Advertisement

Migratory Angels: The Political Aesthetics of Border Trauma

  • Johan SchimanskiEmail author
Chapter
Part of the Palgrave Macmillan Memory Studies book series (PMMS)

Abstract

Post-traumatic conditions are the result of wounds crossing bodily or psychic borders. At the same time, crossing territorial borders can cause traumas. How do migration narratives figure the traumatic effects of border-crossings? To answer this question, I apply a border aesthetics approach, arguing that the borderings of what may be sensed (cf. Jacques Rancière’s concept of the partage de sensible, the “distribution of the sensible”) in the borderscapes of migration narratives are often regulated by the epistemological borderings that take place in the fixations, substitutions and blind spots of trauma. I suggest that migration literature can combine different styles of presentation—for example, images and narrative—in order to create new forms of political aesthetics and counteract the desensitizing logic of media spectacle.

Keywords

Migration Borders Trauma Aesthetics 

Notes

Acknowledgements

I would like to thank audiences and interlocutors for their highly useful comments at presentations of various versions of this material—at the “Traumatized Borders” kick-off seminar in Joensuu, the master’s and doctoral student seminar Wolfgang Müller-Funk and Anna Babka arranged in Vienna, the “Border Images, Border Narratives” symposium in Joensuu, and the “Borderscapes, Memory and Migration” workshop in Copenhagen. Thanks also to Mats Henricsson for confirming my understanding of Swedish phrases. My research was carried out as part of the NOS-HS workshop series “Borderscapes, Memory and Migration”, and is a product of work within the EUBORDERSCAPES project (FP7-SSH-2011-1-Area 4.2.1-290775).

References

  1. Ahmed, Roda. 2009. Forberedelsen. Oslo: Gyldendal. Original edition, 2008.Google Scholar
  2. Amelie, Maria. 2014. Takk. Oslo: Pax.Google Scholar
  3. Anyuru, Johannes. 2013. En Storm kom från paradiset. Stockholm: Norstedts. Original edition, 2012.Google Scholar
  4. ———. 2015. A Storm Blew in From Paradise. Translated by Rachel Willson-Broyles. London: World Editions.Google Scholar
  5. Baer, Ulrich. 2002. Spectral Evidence: The Photography of Trauma. Cambridge, MA: MIT Press.CrossRefGoogle Scholar
  6. Bal, Mieke. 1999. Introduction. In Acts of Memory: Cultural Recall in the Present, ed. Mieke Bal, Jonathan Crewe, and Leo Spitzer, vii–xvii. Hanover, NH: University Press of New England.Google Scholar
  7. Barthes, Roland. 1981. Camera Lucida: Reflections on Photography. Translated by Richard Howard. New York: Hill & Wang/The Noonday Press.Google Scholar
  8. Benjamin, Walter. 1969. Theses on the Philosophy of History. In Illuminations, ed. Hannah Arendt, 253–264. New York: Schocken Books.Google Scholar
  9. ———. 1991a. Agesilaus Santander. In Gesammelte Schriften, ed. Rolf Tiedemann and Hermann Schweppenhäuser, vol. 4, 520–523. Frankfurt a. M.: Suhrkamp.Google Scholar
  10. ———. 1991b. Über den Begriff der Geschichte. In Gesammelte Schriften, ed. Rolf Tiedemann and Hermann Schweppenhäuser, vol. 1.2, 691–704. Frankfurt a. M.: Suhrkamp.Google Scholar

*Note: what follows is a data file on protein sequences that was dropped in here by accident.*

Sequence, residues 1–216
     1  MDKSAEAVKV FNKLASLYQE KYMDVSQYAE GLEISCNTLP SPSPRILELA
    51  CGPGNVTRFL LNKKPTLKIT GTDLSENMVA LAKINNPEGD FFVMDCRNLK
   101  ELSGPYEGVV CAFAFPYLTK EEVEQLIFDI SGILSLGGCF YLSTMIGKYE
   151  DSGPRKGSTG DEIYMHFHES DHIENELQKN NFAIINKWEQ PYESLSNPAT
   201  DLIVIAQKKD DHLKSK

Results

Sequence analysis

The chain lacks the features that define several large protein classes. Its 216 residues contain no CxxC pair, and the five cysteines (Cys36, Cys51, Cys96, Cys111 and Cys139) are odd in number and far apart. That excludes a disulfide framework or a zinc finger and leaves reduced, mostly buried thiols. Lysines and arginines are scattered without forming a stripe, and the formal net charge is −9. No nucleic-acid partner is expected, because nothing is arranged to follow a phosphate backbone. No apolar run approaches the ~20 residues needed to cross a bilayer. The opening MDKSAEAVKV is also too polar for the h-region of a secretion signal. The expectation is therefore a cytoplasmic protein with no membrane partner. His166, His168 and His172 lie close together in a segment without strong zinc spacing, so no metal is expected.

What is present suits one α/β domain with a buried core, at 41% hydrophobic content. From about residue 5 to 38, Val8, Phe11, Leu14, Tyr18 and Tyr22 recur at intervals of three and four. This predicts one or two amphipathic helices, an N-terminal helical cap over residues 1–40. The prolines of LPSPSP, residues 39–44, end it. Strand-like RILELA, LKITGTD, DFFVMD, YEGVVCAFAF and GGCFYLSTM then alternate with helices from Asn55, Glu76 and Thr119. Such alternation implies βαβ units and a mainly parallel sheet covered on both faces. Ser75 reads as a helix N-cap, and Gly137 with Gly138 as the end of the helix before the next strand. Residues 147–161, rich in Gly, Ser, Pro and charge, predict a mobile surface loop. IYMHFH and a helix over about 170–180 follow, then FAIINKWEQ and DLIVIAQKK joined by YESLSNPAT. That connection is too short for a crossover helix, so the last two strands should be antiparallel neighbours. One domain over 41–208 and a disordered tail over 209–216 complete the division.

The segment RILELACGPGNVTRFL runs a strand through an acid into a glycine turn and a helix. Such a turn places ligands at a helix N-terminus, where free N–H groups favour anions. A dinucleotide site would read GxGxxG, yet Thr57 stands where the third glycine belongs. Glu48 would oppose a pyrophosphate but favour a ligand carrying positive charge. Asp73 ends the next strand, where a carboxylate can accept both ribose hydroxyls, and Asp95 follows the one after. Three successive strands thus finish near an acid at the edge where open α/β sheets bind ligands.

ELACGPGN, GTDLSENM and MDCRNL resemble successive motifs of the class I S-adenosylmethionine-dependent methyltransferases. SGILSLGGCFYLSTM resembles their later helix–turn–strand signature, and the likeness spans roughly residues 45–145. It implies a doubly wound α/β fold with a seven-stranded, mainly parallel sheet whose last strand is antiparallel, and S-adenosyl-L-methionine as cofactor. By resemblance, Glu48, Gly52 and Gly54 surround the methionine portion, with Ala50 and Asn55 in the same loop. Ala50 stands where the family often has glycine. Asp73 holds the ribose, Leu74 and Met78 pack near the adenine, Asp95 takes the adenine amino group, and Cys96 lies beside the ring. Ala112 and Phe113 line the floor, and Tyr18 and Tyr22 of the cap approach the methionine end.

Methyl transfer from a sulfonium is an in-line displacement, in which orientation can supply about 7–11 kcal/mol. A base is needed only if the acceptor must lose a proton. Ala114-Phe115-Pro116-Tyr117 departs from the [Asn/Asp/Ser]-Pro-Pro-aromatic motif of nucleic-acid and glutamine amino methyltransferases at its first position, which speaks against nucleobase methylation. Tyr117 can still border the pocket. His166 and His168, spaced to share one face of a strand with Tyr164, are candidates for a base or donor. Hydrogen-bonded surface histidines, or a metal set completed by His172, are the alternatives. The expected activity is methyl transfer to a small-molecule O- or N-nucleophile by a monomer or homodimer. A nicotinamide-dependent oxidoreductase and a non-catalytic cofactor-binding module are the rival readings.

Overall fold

11. Brambilla, Chiara. 2015. Exploring the Critical Potential of the Borderscapes Concept. Geopolitics 20 (1): 14–34.CrossRefGoogle Scholar
  12. Brambilla, Chiara, and Holger Pötzsch. 2017. In/visibility. In Border Aesthetics: Concepts and Intersections, ed. Johan Schimanski and Stephen F. Wolfe, 68–89. New York: Berghahn.Google Scholar
  13. Caruth, Cathy. 1996. Unclaimed Experience: Trauma, Narrative, and History. Baltimore, MD: Johns Hopkins University Press.Google Scholar
  14. Castillo, Debra A. 2007. Borders, Identities, Objects. In Border Poetics De-limited, ed. Johan Schimanski and Stephen Wolfe, 115–148. Hannover: Wehrhahn.Google Scholar
  15. Görling, Reinhold. 1998. Trauma and Remembrance: The Body as Rhetorical Figure. In The Poetics of Memory, ed. Thomas Wägenbaur, 305–311. Tübingen: Stauffenberg.Google Scholar
  16. Langås, Unni. 2015. Traumets betydning i norsk samtidslitteratur. Bergen: Fagbokforlaget/Landslaget for norskundervisning.Google Scholar
  17. Lichtenberg-Ettinger, Bracha. 1994. The Becoming Threshold of Matrixial Borderlines. In Travellers’ Tales: Narratives of Home and Displacement, ed. George Robertson et al. 38–62. London: Routledge.Google Scholar
  18. rab. 2018. Relativ schrecklich. Der Standard, July 9, 1.Google Scholar
  19. Rancière, Jacques. 2004. The Politics of Aesthetics: The Distribution of the Sensible. Translated by Gabriel Rockhill. London: Continuum.Google Scholar
  20. ———. 2010. Dissensus: On Politics and Aesthetics. Translated by Steven Corcoran. London: Continuum.Google Scholar
  21. Schimanski, Johan. 2006. Crossing and Reading: Notes Towards a Theory and a Method. Nordlit 19: 41–63.CrossRefGoogle Scholar
  22. ———. 2017. Reading from the Border. In The Future of Literary Studies, ed. Jakob Lothe, 61–71. Oslo: Novus.Google Scholar
  23. ———. 2017/2018. Frontières de verre/Glass Borders. antiAtlas Journal (2): 1–27.Google Scholar
  24. Sebald, W.G. 2001. Austerlitz. Frankfurt a.M.: Fischer Taschenbuch.Google Scholar

Copyright information

© The Author(s) 2019

Authors and Affiliations

  1. 1.University of OsloOsloNorway

Personalised recommendations